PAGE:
Anne Trefethen introduced NeuroHub, which is a much smaller project than the US projects presented earlier in the day. Their aim is to work with neuroscientists to enable them to share their data – work which they help will fit into the wider picture and generate some useful tools.
The project involves Oxford , Reading and Southampton universities, together with their research council STFC e-Science Group. She explained how late trains brought two main players in the project together in conversation, which helped to develop the platform for collaboration which evolved between the universities.
Trefethen then focused in on the science involved. She noted that their work will only of value if they help to deliver the science. She explained the specific projects each university group are working on – including studying the way neural networks of insects work to enable them to move their limbs. She asked us to take note of the types of images that her slides showed – demonstrating the types of data that the scientists want to share with their colleagues – in raw form. She drew our attention to the note that some of the diagrams were stored with Spike 2 software – exemplifying the need to be aware of the wide range of tools when storing and sharing data. Data does not just include images, but also video. She explained that one of the apparently small, but significant considerations is that the scientists do not want to have to use a USB key in order to share their data.
She emphasised that it is very important to identify what the data we are are using actually are. Experiments do not necessarily create metadata to make it easy to find and share the results later. She also noted the complex range of software products being used in different ways to collect, process and publish the data.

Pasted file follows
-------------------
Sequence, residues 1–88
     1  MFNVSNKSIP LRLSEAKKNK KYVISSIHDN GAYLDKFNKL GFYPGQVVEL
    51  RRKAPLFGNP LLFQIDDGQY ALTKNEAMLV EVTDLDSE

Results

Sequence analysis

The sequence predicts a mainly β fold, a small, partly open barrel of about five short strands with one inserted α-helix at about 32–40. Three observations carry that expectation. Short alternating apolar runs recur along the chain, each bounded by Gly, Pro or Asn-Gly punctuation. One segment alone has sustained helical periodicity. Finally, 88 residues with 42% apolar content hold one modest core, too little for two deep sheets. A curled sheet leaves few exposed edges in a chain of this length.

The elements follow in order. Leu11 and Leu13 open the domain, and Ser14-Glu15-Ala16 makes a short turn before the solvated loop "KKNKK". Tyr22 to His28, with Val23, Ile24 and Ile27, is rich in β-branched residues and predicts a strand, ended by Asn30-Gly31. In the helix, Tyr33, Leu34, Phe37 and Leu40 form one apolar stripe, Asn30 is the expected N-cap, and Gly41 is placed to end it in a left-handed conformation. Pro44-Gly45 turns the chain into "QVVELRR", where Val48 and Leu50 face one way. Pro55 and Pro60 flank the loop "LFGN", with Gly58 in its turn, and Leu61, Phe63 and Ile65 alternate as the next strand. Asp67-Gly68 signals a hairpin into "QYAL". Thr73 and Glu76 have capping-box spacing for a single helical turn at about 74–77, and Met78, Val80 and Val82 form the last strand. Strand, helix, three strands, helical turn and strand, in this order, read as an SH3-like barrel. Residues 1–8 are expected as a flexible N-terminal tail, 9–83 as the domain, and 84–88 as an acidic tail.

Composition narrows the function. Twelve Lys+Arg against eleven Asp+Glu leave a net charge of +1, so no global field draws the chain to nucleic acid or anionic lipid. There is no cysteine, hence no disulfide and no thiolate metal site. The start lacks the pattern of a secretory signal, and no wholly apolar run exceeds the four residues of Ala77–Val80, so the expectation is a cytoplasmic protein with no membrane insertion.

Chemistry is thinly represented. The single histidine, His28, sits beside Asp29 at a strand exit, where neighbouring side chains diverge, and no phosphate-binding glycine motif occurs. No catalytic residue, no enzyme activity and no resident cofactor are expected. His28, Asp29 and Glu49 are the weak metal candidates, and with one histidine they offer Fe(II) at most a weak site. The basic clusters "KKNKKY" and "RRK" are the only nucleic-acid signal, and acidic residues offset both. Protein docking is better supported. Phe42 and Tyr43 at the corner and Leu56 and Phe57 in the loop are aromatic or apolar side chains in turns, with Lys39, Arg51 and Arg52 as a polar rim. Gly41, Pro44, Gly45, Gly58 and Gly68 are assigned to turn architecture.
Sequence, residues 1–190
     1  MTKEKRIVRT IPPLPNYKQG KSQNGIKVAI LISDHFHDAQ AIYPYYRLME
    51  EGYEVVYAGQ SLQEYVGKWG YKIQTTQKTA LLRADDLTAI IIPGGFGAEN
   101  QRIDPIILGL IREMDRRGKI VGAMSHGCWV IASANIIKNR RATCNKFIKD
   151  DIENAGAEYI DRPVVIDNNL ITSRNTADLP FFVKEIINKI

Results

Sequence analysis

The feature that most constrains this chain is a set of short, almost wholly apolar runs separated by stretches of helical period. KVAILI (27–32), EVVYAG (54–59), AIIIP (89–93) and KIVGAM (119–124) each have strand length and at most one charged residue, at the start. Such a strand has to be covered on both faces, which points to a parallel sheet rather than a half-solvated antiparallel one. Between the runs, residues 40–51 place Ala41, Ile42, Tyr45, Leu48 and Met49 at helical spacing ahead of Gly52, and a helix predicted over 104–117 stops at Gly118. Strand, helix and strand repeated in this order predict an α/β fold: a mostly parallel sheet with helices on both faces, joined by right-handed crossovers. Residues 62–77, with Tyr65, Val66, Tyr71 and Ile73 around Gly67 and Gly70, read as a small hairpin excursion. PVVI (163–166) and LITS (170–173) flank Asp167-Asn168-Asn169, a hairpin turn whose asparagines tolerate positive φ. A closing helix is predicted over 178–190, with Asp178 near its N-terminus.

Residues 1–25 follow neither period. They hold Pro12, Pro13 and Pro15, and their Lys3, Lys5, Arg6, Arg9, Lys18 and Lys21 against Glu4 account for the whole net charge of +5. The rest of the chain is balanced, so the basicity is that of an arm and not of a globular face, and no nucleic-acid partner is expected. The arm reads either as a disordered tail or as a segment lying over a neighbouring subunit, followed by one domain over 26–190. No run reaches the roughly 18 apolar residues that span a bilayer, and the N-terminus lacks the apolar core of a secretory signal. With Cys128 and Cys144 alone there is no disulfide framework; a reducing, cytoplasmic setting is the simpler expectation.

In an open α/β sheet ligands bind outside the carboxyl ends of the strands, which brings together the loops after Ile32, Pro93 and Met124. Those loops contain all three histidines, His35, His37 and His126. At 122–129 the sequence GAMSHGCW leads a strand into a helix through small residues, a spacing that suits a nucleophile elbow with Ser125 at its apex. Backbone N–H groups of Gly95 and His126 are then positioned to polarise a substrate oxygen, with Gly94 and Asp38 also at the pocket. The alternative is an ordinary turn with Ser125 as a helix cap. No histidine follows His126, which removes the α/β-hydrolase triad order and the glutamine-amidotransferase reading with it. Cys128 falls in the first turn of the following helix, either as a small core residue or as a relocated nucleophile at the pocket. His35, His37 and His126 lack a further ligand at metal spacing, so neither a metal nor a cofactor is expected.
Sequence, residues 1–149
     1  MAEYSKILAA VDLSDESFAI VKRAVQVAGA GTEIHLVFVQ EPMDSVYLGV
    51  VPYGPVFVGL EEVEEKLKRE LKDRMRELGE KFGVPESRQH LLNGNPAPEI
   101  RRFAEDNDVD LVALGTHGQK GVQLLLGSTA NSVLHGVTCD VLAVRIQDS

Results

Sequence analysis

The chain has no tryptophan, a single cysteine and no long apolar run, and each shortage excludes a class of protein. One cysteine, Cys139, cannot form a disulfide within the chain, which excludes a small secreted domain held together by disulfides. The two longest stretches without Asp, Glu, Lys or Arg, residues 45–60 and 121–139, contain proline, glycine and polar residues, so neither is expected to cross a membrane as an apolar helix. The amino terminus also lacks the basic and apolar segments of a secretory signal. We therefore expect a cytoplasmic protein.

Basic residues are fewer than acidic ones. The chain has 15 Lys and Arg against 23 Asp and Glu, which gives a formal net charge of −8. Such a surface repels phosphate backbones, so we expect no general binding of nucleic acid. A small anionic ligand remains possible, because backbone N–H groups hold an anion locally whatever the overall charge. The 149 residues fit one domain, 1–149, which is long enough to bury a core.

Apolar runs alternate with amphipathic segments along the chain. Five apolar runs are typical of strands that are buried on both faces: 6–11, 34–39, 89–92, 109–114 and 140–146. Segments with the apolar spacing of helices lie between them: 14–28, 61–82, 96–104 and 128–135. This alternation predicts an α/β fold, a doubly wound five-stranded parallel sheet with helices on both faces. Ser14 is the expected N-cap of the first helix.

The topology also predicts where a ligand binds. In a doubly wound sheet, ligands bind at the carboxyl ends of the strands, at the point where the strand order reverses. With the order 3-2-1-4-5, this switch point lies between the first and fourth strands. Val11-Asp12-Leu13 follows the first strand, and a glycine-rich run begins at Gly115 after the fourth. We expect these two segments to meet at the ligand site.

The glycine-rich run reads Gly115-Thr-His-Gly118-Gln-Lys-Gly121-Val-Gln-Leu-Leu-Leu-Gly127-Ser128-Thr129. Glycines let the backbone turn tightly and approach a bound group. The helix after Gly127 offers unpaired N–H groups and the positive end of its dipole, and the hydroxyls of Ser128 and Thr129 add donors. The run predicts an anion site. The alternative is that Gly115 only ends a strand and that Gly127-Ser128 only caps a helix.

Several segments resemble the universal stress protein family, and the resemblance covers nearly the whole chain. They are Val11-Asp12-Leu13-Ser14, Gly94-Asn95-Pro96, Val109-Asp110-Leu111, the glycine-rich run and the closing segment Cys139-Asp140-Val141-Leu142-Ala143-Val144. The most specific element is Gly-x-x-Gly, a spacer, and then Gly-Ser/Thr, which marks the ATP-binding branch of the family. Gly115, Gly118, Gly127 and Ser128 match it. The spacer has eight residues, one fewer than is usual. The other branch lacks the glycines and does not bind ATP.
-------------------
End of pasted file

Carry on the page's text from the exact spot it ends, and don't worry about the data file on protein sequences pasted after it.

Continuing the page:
To overcome this, the NeuroHub project involves embedding the developers in the neuroscience labs in the early stages to gain insight, combined with structured and unstructured interviews to establish how all of these issues mesh together.
Trefethen then moved on to look at the challenges they are facing – a list that she admitted could have been taken from Douglas Kell's opening keynote. The variety of interdisciplinary teams, different expectations, cultures, requirements, and understanding of shared terms, which can all obstruct data sharing. They have been using an agile development process to try and resolve some of these challenges and ensure that they develop tools that actually work for the scientists in practice.
She explained that their aim is “jam today, jam tomorrow” i.e. doing simple things that can make a big difference. This can include things like format conversions and proper annotation to help facilitate data sharing.
Trefethen then introduced some of the related projects that they are interacting with – including myExperiment (“Facebook for scientists” - socialising the data and providing annotation) and CARMEN, which is larger than NeuroHub, but more focussed on one area and works in the same community – promoting standards. There is a lot out there that they can integrate into NeuroHub.
In explaining the environment architecture of the project, Trefethen emphasised that they did not want to develop a large, monolithic system, but rather something that is in their workspace and creates an environment that empowers the researchers.